WE have reached the last lap of our long course. We enter on it with some trepidation, partly because Time has not yet sifted the wheat of recent poetry from the chaff, partly because we are not conscious of possessing that "modern sensibility" which the young poets arrogate to themselves and demand of their critics.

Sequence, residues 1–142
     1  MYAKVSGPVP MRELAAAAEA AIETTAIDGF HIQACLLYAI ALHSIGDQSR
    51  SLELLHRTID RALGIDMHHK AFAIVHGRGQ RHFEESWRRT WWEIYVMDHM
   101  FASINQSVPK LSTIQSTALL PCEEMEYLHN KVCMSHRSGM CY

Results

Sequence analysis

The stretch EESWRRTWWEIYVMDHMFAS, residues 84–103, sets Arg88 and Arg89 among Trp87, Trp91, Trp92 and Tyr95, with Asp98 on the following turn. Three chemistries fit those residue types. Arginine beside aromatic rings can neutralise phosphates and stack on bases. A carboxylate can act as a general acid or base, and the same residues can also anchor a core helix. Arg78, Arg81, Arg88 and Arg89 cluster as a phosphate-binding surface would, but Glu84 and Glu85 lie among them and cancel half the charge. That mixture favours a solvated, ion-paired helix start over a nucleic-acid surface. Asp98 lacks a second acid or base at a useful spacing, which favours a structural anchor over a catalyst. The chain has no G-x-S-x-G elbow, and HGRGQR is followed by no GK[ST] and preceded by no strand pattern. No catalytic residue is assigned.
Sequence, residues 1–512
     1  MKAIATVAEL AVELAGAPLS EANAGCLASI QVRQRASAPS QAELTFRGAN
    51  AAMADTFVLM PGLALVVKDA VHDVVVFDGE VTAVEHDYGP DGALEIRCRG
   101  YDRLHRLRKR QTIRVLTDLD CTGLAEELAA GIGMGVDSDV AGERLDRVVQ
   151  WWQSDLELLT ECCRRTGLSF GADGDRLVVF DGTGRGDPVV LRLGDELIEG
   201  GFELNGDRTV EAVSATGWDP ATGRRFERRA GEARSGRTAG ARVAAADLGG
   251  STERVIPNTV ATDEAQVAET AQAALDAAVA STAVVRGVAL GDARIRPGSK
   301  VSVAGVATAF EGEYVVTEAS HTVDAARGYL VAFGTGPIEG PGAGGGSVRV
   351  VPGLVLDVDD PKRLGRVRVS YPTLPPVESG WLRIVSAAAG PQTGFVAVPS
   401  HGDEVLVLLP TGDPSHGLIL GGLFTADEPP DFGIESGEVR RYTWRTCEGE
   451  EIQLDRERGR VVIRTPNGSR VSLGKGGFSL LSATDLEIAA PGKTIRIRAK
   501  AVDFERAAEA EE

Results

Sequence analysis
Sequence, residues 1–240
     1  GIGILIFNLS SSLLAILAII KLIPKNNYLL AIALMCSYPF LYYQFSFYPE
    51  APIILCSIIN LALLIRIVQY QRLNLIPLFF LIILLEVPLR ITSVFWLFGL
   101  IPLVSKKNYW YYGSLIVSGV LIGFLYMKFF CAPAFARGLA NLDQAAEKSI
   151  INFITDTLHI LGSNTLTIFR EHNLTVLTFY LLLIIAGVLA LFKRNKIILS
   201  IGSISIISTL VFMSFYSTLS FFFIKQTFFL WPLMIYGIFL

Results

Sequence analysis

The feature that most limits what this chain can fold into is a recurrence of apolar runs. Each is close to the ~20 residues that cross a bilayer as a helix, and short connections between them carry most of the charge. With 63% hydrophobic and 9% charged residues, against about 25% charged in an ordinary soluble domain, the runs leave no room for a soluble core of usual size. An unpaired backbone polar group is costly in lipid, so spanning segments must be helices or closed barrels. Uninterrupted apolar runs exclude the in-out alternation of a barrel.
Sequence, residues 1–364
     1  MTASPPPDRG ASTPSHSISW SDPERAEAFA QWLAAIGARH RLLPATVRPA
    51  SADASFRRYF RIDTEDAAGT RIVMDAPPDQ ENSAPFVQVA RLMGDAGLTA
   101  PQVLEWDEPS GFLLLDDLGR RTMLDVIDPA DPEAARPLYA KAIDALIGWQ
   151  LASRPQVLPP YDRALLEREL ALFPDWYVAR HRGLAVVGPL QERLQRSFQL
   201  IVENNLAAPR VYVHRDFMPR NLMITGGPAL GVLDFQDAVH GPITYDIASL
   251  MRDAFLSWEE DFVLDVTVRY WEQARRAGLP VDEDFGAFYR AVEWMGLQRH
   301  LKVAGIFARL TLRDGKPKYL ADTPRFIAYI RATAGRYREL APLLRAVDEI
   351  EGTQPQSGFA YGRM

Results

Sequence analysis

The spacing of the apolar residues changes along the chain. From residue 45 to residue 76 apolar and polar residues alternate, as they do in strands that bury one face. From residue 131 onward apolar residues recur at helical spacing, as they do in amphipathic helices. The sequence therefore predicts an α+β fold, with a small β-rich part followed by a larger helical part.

When the war ended in 1918, most of us hoped that we should emerge a better and stronger nation, "purged by its dreadful winnowing-fan." It was not to be. A year or two of elation and inflation was followed by a psychological and economic slump, in which the poets wandered confusedly, and are still wandering. Most of the older men kept the faith. Hardy, as we saw, despaired for a time, and perhaps felt back into despair at the last; but the rest clung to the belief that "the great soul of the world is just," and continued to write in that spirit. And for our part we are convinced that when the first post-war decade comes to be seen in true perspective Hardy Late Lyrics, Yeats Tower, Bridges Testament of Beauty, with Binyon's two great odes, will stand out as its chief monuments in poetry. Of Hardy, Bridges, and Yeats enough has been said. The Sirens and The Idols are Binyon's greatest poems. Odes he calls them, but in scope and structure they are unlike any other English odes, even his own. They are symphonies in verse, each developing a theme in successive movements in different measures. The theme of The Sirens was originally suggested by the first transatlantic flight, made by Messrs. Brown and Alcock; then it expanded into a hymn to the spirit of adventure, which lures man on to conquer Nature and his fellow-men, to defy Space and the old opposition of Time, till he achieves the last conquest of all, to stand erect before utter calamity, and, having nothing, is free of all the Universe,